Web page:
With a layered intensity and prose as effervescent as the bubbly that flows every night, The Wife, the Maid, and the Mistress is a wickedly entertaining historical mystery that will transport readers to a bygone era with tipsy spins through subterranean jazz clubs and backstage dressing rooms. But beneath the Art Deco skyline and amid the intoxicating smell of smoke and whiskey, the question of why Judge Crater disappeared lingers seductively until a twist in the very last pages.
One word: WOW! This novel has so many twists and turns, debauchery, infidelity, infertility, mistresses, maids with a little too much information, and a corrupt system. I love books that mix fact with fiction, weaved together by one creative mind: Ariel Lawhon’s!
This is not a quick read, by any means, as there are a lot of characters important to the storyline-that you will want to know. I did find myself getting confused with the year/dates, as the story does jump back to before Crater’s disappearance, to after his disappearance, and then later in life. Based on the real life mystery surrounding Joseph Crater’s disappearance, there are 3 women, who Ariel shines light on. While there are creative liberties used to fill in the gap of information not know, Ariel’s writing is seamless and the story flows like a true crime novel should.
I absolutely loved the characters Ariel creates to help make the story well rounded (won’t reveal who…you have to read it!), and the characters she expounds on-who were quite interesting and fascinating to read about. This is a fantastic story, with everyone being a suspect…even the police. Set in the 1930′s, Ariel captures the glamour, the seediness of the club-limited to showgirls, corrupt politicians, and mobsters, corrupt political systems and the impact it has on an affluent family, murder suspicion, three women who are connected in one way or another, which just kept me fully engaged the whole time.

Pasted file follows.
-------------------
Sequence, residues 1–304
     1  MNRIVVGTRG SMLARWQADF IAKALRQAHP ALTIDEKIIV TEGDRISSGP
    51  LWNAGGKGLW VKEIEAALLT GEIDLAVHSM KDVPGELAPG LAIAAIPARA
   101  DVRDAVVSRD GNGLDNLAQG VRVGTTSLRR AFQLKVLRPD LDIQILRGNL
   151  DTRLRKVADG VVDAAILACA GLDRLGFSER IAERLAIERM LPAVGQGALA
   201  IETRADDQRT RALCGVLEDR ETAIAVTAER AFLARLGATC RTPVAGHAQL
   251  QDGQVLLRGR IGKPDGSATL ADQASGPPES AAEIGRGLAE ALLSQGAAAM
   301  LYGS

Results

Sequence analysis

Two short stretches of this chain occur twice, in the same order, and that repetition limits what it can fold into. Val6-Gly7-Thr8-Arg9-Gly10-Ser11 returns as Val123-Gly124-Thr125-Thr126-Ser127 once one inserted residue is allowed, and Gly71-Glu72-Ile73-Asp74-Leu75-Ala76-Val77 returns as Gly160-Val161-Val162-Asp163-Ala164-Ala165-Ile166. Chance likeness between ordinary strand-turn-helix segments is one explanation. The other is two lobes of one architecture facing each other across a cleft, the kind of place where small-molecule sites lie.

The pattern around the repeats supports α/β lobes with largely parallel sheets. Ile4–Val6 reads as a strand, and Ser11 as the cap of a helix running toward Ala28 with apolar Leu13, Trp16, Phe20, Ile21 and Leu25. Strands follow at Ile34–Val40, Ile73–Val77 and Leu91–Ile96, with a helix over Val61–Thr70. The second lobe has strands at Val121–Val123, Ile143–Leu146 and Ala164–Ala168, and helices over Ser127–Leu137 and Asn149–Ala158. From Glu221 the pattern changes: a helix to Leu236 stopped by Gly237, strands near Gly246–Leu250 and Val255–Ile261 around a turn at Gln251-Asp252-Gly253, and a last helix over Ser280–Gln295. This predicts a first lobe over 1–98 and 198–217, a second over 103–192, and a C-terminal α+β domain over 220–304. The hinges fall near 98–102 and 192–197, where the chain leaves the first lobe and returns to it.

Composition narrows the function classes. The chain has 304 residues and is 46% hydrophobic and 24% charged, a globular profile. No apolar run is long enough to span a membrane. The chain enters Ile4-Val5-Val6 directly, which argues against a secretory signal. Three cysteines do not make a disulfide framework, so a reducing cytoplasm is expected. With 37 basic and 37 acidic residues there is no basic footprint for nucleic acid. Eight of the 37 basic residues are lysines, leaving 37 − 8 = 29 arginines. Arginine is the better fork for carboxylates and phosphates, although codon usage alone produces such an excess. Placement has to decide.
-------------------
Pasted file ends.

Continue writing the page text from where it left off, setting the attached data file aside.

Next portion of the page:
I am blown away by this fantastic historical fiction novel, written by a first time author, who read a lot of conspiracy theories, novels, newspaper clippings, and somewhere in all of that research material-she brings forth this incredible novel!! An excellent novel for book club discussions, for anyone that loves political/true unsolved crime novels, and historical fiction.
ABOUT THE AUTHOR
Ariel Lawhon is the co-founder of the popular online book club She Reads (www.shereads.org). A novelist, blogger, and life-long reader, she lives in Nashville, Tennessee, with her husband and four young sons (aka The Wild Rumpus). Ariel believes that Story is the shortest distance to the human heart. THE WIFE, THE MAID, AND THE MISTRESS, just released this month from Doubleday.
Follow Ariel Lawhon!
Don’t you just love reading books that are so easy to read, quite engaging, and is the kind of book that you can get lost in? These are those kind of books! So good, that you are finished before you know it, and miss the characters once you’ve turned to the last page.
Release Date: January 21, 2014
Publisher: Gallery Books